Long considered home to the worst commenters on the internet — racist, cruel, idiotic, nonsensical, and barely literate — YouTube is in the process of upgrading its comment system in order to better tame its most loathsome members.
Word of the overhaul slipped out during the Q&A portion of a YouTube developer session at Google I/O, the annual developers conference from the video-upload hub’s owner, Google.
A member of the audience, which was stocked heavily with online video publishers, asked for advice on handling negative comments within his YouTube channel. Dror Shimshowitz, a YouTube “head of product,” replied that “comments are kind of the Wild West of video” and can be turned off. But Google doesn’t like it when people do that, he said, because it cuts off the community. So the company is working on fixing the system.
“We’re working on some improvements to the comment system, so hopefully we’ll have an update on that in the next few months,” Shimshowitz said.
Shimshowitz declined to elaborate further in a follow-up interview, in which he was asked about the scope and nature of the planned changes. “We’re working to improve comments as much as we’re working to improve all parts of the site and YouTube experience,” a Google spokesman said, adding that the company would not comment further.
There’s no question YouTube has its work cut out for it; its comment sections are widely regarded as cesspools. Meme harvester BuzzFeed called YouTube “a comment disaster on an unprecedented scale” with “the worst commenters on the internet;” online entrepreneur (and Wired contributor) Andy Baio called them “historically pretty bad;” and the online comic XKCD in 2006 imagined the moon landing being broadcast — and moronically heckled — on YouTube. “The internet has always had loud dumb people,” XKCD illustrator Randall Munroe wrote in an accompanying caption, ”but I’ve never seen anything quite as bad as the people who comment on YouTube videos.”
YouTube improved the situation two years ago, when it introduced a “highlights view,” the predecessor to today’s “top comments” section, which features the comments most highly rated by other YouTube commenters. (It, too was eventually parodied online.)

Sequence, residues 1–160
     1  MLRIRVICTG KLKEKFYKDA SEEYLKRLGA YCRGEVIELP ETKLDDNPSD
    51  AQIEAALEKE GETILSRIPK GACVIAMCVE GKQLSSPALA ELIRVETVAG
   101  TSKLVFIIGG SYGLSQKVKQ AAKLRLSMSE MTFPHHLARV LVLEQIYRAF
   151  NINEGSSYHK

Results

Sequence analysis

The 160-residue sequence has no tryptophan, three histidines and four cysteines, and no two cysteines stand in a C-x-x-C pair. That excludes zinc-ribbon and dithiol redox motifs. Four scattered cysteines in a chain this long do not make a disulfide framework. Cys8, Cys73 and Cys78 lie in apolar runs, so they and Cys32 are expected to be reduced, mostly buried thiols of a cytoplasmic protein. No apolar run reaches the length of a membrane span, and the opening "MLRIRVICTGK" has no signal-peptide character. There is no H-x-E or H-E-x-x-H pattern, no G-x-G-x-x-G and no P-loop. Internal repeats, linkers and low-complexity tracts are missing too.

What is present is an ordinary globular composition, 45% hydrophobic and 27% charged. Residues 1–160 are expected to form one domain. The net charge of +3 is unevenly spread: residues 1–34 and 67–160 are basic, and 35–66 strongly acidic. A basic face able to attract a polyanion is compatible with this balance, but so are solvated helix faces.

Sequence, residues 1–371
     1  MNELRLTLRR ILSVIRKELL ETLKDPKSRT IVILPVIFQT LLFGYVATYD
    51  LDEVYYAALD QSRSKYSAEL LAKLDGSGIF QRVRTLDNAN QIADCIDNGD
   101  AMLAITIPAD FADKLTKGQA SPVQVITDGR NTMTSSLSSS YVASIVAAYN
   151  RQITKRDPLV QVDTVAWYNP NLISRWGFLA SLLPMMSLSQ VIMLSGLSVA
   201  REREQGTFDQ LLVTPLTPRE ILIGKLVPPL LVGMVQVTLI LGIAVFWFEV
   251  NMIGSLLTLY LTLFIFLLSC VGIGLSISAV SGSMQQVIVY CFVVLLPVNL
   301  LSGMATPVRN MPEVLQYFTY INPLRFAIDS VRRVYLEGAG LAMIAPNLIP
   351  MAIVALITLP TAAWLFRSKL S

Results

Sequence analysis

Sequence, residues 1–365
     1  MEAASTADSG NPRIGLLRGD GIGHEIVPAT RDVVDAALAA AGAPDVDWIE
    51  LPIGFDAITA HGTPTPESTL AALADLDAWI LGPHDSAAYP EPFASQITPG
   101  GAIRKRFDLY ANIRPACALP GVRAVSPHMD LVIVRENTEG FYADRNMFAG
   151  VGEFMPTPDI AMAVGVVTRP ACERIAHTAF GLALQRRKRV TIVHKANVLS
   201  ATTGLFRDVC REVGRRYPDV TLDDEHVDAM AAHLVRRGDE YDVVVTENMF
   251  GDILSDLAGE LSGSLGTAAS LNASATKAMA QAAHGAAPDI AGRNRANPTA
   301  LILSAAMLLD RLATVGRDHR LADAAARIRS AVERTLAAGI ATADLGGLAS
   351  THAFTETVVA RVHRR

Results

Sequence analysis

But YouTube needs to go much further, to kick the worst vulgarians out from under its videos. The site is trying to build a glossier future for itself, one with smarter videos produced by businesses, Hollywood studios and independent creatives. Better production values, in turn, make the site more attractive to advertisers. Vicious commenters break that virtuous cycle.
“YouTube comments are a potentially fantastic engagement point that is unfortunately the most common go-to example for trolls,” says Huffington Post community manager Justin Isaf. “These are real people who are opening themselves to what is often ridicule and overt abuse. How many people would put themselves out there again after reading comments that belittle, insult, malign or otherwise hurt them? It’s a loss of an amazing opportunity.
“I would love to see Google put their search and algorithm know-how to use to create a more safe space where people can engage in a meaningful conversation and be themselves on video without worry of needing therapy afterward.”
One obvious direction for YouTube is to ask users for more information about themselves. Many members use anonymous handles since YouTube, unlike other Google sites, allows people to create distinct accounts. At other Google sites, users must use their Google+ identity, linked to a real name. As a general rule, people are far less likely to troll under their real name.
Requiring Google+ identities could also help YouTube’s advertisers target ads more narrowly, since Google+ collects information about people’s location, gender, occupation, likes and interests.
If YouTube isn’t interested in integrating more deeply with Google+, BuzzFeed founder Jonah Peretti offers a Plan B: “YouTube should use Facebook comments,” Peretti tells us, referring to Google’s archrival. “YouTube would benefit from extra distribution in [Facebook's] News Feed so their videos would spread even faster. And people use their true identity on Facebook so it would help make YouTube comments more civil.”